Glacier National Park is amazing. The first word that came out of my mouth when approaching the park is “wow.” The sheer beauty of the water, trees, mountains, and landscape is breathtaking.
My friend and I stayed at Glacier for 4 days and tried to visit/see as much as we could…that still was not enough time. The entrance fee if you’re entering with an “in-state” vehicle is $35 and the pass is good for a week. Definitely a great deal with as much as there is to see and do.
“wow. the mountains and green trees are absolutely amazing.”
Our first destination was Fish Creek Campground right next to Lake McDonald, which is one of the most photographed lakes in the park. I chose this campground due to it’s proximity to the lake so we could get some fishing and kayaking in. The camp spot was reserved for a couple of days and when entering, we were greeted by a camp host who was excellent.
Even at first glance, the campsite look great, especially after talking to the camp host. The campground provided a lot of activities, had decent bathrooms, and was near the lake (campgrounds A&B are very close, C is farther away…we were at C). Once we started to drive through the campgrounds though, we began to not like the location. The site was already full, so thankfully we had our reservation.
Our camp site was tiny. With my truck and small trailer, it was extremely difficult to park in the allotted spot. Furthermore, the mosquitoes were ridiculous and the biggest downside was the area provided for the tent; it wasn’t big enough at all. If we set it up, we would have been no more than 2 feet away from the RV at the next site. With their generator already running, it was too noisy. Once we looked around the rest of the campground, every place was packed…the area was simply too small for all the campers. We decided to go elsewhere to find a place to stay.
Unfortunately, we were also unable to fish and kayak due to the weather. The wind was terrible and the lake had white-capped water off the shores. Since things weren’t going as well as we hoped, we left the park to seek out a less packed camp ground. Thankfully right down the road we found a hidden gem…this was the West Glacier KOA Campground. More on this in another article. Click here to read up on that camping adventure.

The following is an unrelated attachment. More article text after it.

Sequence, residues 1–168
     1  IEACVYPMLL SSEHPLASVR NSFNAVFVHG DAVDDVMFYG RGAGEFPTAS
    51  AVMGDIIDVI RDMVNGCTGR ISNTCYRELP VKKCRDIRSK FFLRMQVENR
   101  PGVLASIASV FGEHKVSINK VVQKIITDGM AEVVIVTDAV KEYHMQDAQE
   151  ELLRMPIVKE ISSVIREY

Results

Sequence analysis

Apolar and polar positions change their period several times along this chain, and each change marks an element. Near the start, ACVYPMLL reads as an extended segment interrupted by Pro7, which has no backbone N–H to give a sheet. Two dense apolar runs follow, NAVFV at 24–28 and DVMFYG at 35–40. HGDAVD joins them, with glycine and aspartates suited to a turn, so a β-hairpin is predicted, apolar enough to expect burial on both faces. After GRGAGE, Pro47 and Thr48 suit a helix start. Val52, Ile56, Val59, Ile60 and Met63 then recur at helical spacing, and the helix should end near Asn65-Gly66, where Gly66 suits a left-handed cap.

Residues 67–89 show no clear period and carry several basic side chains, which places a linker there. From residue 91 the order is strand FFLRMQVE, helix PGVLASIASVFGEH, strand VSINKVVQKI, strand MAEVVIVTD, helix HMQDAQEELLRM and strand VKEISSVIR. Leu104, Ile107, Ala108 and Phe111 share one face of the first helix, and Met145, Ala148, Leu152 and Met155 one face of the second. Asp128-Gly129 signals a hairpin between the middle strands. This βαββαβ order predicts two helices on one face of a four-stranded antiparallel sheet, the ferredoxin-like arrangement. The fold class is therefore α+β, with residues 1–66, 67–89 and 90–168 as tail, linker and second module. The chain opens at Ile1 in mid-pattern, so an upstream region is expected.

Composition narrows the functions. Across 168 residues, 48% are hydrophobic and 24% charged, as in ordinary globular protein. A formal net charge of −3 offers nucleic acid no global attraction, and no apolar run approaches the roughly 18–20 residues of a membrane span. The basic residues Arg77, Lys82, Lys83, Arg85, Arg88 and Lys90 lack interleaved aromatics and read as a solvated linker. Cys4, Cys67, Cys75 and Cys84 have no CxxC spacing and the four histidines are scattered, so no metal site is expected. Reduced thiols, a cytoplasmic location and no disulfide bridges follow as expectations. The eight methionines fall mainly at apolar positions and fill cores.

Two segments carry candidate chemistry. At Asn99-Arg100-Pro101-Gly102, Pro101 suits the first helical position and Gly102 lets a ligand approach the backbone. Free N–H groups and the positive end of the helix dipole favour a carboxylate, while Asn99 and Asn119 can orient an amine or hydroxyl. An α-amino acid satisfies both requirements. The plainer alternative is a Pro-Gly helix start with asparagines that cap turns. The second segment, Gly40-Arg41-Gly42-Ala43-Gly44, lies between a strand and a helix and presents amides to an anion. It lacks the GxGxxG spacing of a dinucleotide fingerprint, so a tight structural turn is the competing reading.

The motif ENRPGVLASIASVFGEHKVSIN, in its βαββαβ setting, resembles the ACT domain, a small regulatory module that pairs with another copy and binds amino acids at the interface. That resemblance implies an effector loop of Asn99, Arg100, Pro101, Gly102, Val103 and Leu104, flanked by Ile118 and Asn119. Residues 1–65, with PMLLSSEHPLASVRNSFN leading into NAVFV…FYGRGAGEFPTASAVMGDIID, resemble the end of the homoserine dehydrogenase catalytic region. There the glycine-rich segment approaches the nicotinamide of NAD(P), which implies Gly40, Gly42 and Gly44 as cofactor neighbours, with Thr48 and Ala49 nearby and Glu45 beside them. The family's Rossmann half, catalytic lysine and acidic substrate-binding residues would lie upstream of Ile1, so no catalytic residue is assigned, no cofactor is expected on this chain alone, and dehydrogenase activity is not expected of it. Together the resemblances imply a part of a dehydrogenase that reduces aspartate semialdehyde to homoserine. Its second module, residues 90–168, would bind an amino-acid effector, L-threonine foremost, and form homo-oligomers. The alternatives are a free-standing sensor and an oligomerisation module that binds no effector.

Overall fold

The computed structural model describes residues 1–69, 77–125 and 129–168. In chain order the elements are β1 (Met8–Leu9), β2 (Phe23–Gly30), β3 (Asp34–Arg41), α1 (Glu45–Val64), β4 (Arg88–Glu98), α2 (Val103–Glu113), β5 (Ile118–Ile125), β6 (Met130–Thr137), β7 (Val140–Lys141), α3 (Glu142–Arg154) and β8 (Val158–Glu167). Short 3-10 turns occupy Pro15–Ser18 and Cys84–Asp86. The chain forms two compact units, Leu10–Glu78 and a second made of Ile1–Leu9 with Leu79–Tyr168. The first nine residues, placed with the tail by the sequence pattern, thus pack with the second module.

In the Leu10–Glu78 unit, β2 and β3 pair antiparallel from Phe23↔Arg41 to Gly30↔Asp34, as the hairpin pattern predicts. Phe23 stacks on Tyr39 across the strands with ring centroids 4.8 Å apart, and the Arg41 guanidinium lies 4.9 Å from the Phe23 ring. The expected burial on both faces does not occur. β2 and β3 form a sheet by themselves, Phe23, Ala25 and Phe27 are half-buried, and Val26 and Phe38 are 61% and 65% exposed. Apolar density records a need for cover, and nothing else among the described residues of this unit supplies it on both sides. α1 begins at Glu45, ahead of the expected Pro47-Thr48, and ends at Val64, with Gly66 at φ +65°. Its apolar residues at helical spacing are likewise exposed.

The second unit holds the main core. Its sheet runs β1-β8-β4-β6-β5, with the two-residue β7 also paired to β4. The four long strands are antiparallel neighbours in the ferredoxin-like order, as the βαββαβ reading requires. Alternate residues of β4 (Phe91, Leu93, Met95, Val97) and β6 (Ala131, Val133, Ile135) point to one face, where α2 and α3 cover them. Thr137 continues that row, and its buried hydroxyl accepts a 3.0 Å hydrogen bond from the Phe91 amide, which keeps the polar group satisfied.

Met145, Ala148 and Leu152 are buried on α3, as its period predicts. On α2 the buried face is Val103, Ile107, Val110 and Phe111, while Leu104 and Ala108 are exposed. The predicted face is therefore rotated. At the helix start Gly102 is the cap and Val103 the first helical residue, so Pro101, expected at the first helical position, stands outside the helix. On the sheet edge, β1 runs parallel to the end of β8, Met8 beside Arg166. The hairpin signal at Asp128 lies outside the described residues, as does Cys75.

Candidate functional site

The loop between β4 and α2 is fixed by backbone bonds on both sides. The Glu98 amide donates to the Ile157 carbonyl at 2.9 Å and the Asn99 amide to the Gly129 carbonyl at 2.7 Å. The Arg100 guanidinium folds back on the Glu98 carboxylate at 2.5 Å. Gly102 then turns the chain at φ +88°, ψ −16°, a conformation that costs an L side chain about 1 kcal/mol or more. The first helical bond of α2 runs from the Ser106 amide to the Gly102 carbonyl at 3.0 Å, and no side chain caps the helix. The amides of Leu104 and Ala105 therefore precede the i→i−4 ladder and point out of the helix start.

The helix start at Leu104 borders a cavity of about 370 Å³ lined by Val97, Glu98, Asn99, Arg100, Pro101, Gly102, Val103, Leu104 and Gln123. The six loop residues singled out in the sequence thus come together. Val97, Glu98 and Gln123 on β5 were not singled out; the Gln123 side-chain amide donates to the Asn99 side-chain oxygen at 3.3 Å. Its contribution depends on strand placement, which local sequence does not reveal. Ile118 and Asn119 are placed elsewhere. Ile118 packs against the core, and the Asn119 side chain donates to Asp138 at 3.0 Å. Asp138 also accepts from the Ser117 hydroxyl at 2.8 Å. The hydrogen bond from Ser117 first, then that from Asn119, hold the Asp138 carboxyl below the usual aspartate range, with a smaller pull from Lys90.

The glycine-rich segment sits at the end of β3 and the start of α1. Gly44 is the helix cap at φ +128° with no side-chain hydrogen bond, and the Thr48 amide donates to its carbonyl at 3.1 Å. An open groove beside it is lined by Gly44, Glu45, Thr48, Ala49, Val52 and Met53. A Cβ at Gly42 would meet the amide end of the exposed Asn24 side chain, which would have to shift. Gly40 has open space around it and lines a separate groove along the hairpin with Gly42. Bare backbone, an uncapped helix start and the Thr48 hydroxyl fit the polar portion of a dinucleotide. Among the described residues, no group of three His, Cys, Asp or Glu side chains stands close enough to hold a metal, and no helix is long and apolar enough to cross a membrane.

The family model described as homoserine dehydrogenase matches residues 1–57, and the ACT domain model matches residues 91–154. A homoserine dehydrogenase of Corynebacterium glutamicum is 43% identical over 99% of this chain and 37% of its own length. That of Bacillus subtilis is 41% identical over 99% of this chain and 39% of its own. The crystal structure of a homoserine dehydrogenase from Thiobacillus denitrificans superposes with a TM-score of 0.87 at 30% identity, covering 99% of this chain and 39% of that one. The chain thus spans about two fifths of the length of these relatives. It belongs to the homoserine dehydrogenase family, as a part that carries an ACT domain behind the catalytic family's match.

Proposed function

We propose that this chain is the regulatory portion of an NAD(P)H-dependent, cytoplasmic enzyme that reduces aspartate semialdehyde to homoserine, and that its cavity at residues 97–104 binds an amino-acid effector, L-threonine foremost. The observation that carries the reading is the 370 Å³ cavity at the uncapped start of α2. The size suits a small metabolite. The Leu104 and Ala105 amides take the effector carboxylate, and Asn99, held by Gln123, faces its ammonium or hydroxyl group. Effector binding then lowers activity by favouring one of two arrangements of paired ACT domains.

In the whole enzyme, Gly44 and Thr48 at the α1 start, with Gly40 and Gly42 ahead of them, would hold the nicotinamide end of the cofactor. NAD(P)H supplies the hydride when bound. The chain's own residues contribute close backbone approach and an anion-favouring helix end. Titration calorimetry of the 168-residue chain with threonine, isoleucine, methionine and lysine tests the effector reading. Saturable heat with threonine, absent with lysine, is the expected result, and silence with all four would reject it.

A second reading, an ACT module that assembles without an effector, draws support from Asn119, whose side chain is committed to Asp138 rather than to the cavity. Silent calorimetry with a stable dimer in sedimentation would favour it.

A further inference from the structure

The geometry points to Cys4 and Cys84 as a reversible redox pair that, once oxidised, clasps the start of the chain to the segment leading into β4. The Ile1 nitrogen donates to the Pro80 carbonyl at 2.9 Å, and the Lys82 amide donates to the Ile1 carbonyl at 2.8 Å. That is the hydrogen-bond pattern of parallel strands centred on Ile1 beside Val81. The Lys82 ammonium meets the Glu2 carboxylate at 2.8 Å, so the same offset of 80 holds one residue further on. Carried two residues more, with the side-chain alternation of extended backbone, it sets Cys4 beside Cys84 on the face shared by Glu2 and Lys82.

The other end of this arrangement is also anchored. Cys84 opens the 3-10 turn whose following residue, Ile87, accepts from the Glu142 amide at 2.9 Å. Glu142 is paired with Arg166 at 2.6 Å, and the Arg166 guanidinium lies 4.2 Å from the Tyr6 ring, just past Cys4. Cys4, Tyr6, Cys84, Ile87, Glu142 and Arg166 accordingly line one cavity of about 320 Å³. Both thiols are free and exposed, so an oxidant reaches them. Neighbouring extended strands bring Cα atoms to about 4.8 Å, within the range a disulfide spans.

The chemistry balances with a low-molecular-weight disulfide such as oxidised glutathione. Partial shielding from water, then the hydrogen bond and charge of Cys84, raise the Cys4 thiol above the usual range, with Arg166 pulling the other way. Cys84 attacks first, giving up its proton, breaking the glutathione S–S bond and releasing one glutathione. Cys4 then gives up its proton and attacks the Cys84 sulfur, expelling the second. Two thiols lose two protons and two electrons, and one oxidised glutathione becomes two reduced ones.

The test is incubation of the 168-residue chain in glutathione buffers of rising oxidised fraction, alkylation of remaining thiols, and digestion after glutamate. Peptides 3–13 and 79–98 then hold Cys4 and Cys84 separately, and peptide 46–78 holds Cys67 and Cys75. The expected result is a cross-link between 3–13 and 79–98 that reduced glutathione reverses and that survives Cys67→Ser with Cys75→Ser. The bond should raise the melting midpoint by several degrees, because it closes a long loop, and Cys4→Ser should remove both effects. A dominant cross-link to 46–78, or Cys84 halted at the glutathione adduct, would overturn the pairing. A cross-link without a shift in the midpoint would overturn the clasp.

Sea lovers have plenty of activities to choose from. Hop on a jet ski (US $ 95 for 50 minutes) and speed across waters so clear that you can see orange starfish 20 feet below, or don a snorkel mask and explore life under the sea up close.
For a great view of the island, try your hand at parasailing (US $ 79 per hour). You’ll soar 200-400 feet in the air and maybe even take a cooling dip in the water before returning to the boat. Children will enjoy Caylana’s Castle Cove and SeaTrek Aqua Park (US$ 15 adults, $10 children). Its floating sand castle and aquatic trampolines are just the things for those who are young at heart.
A staff of 45 people lives on CocoCay, and it’s obvious they take pride in keeping the island’s natural beauty in top condition. Their pampering service makes the island experience so pleasurable that you won’t want to leave when dusk falls all too soon.
“Disney knows children, so it’s no wonder that they feel at home on Castaway Cay”
The cruise ship docks right at the island (other cruise ships use tender boats to ferry passengers back and forth), so youngsters can head right down the ship’s ramp and out to explore Castaway Cay. There is a beach just for families, and Scuttle’s Cove is a safe and fun club for children. Parents need some time on their own, so there is Serenity Bay, a secluded beach for adults. For a little pampering, have a relaxing massage in the open-air cabanas at the seaside spa.
Game for a little exploration? Then grab a bike (child seats are available for little ones) and hit the trails (US$ 6 per hour). This is, after all, a secluded island getaway, and there are miles of empty shoreline and tropical forest to explore.
If you prefer the water, check out the Walking and Kayak Nature Adventure ($60). Participants walk with a guide through the island’s lush fauna and kayak through an ecologically sensitive mangrove environment. If paddling wears you out, just jump in for a refreshing swim in the crystal clear island waters.
Teens can get into their own adventure on The Wild Side (US$ 35), an excursion that includes snorkeling, biking and kayaking. Families who want to adventure together can try the Seahorse Catamaran Snorkel Adventure (US$ 49 adults, US$ 29 children). This easy 45-minute sail takes you out to calm waters and unspoiled coral reefs. Even younger children will enjoy floating in the turquoise Caribbean Sea with schools of colored fish.
Visitors to the tiny islet of Motu Mahana (Polynesian for sunlit island) are greeted with the sounds of Polynesia. Les Gauguines, an eight-woman song and dance troupe, perform beguiling love songs in their Polynesian tongue while guests enjoy a scrumptious feast under the shade of thatched huts. After lunch, guests can relax in the sea or wade for yards in the shallow waters while waiters wearing bathing suits offer tropical drinks to those in need of refreshment. Try out the complimentary water sports like kayaking or snorkeling. For a different experience, board a motorized outrigger canoe and head to the beautiful island lagoon of Taha’a. Taha’a is known for two things: producing vanilla and black pearls.
Guests can take a four-wheel drive tour into the hills to tour the vanilla plantations (US$ 65) or view French Polynesia’s rare jewel, the black pearl, at the Motu Pearl Farm (US$ 64). From there, head to the lagoon for some quality time with the region’s underwater fauna. There is even a small lagoonarium where rays, turtles, sharks and fish are enclosed in four different pools.